Also known as: EP, Series edit producer
Edit producers take all the shot footage, known as ‘rushes’, and put the best bits together to create a polished, complete programme. They work with an editor who knows how to technically cut the show. The edit producer is responsible for telling the story.
The rushes are usually captured on different memory cards and shot at different times and by different directors. They all get transferred, or ingested, into the edit suite and a logger lists what was shot on which card number and at what timecode the footage can be found. Edit producers use those logs to help them find what they need.
They often start by putting all the material on a very long timeline so they can see what’s been shot, the style used and how a story has been told. They then edit the timeline down, selecting the best takes and finding appropriate GVs (general views) such as wide shots of the location or close-ups. The footage might include interviews and archive, with the addition of graphics and music if needed. They usually write a guide script as they go and record it into the programme timeline, which helps to tell the story that they are cutting and which eventually will become the script read by the presenter or a voiceover artist. They are responsible for making sure the finished programme runs to the required duration.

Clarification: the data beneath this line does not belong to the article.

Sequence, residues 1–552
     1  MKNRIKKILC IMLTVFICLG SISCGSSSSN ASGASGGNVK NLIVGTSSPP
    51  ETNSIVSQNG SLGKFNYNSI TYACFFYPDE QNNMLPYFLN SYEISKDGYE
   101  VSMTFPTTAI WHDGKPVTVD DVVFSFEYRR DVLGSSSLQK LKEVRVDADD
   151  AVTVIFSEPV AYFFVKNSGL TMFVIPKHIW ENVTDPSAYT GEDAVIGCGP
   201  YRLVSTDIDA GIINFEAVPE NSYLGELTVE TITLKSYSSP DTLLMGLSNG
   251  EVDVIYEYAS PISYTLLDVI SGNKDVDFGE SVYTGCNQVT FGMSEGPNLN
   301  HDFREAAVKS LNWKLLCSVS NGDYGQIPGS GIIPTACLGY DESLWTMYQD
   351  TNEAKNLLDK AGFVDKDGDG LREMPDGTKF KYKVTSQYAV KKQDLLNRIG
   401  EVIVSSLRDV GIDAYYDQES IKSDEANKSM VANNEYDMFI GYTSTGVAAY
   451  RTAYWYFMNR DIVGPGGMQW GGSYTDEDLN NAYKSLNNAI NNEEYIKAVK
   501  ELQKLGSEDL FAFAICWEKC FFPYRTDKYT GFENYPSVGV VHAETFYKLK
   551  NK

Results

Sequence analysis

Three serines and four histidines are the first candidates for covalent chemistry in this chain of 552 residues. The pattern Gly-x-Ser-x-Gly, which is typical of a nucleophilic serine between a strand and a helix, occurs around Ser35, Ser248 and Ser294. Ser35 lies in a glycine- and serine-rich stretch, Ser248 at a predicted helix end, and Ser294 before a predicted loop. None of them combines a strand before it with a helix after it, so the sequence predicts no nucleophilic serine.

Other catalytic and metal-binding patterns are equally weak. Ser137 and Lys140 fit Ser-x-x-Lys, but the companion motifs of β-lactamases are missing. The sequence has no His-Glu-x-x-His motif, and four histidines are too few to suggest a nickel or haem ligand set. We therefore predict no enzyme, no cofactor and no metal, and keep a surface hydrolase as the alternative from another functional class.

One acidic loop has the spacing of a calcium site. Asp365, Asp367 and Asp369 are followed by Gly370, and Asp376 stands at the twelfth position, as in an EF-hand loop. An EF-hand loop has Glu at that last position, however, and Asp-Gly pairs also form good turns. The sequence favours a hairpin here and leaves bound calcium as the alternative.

Edit producers’ jobs can vary depending on the type of programme that they are making. For a magazine programme, they may be required to cut lots of short films that eventually will be linked together by presenters. For a documentary, they may be needed to cut together an entire programme. For observational documentaries, they might cut without a recorded script, relying on the footage alone to tell a full story.
Very experienced edit producers may oversee an entire series, creating an overall style and carrying a narrative over several episodes, guiding a team of edit producers who cut individual episodes. They are known as series edit producers. Edit producers are mainly freelance.
Desiree Ivegbuna talks about being an assistant editor, a role that can lead to becoming an editor or an edit producer.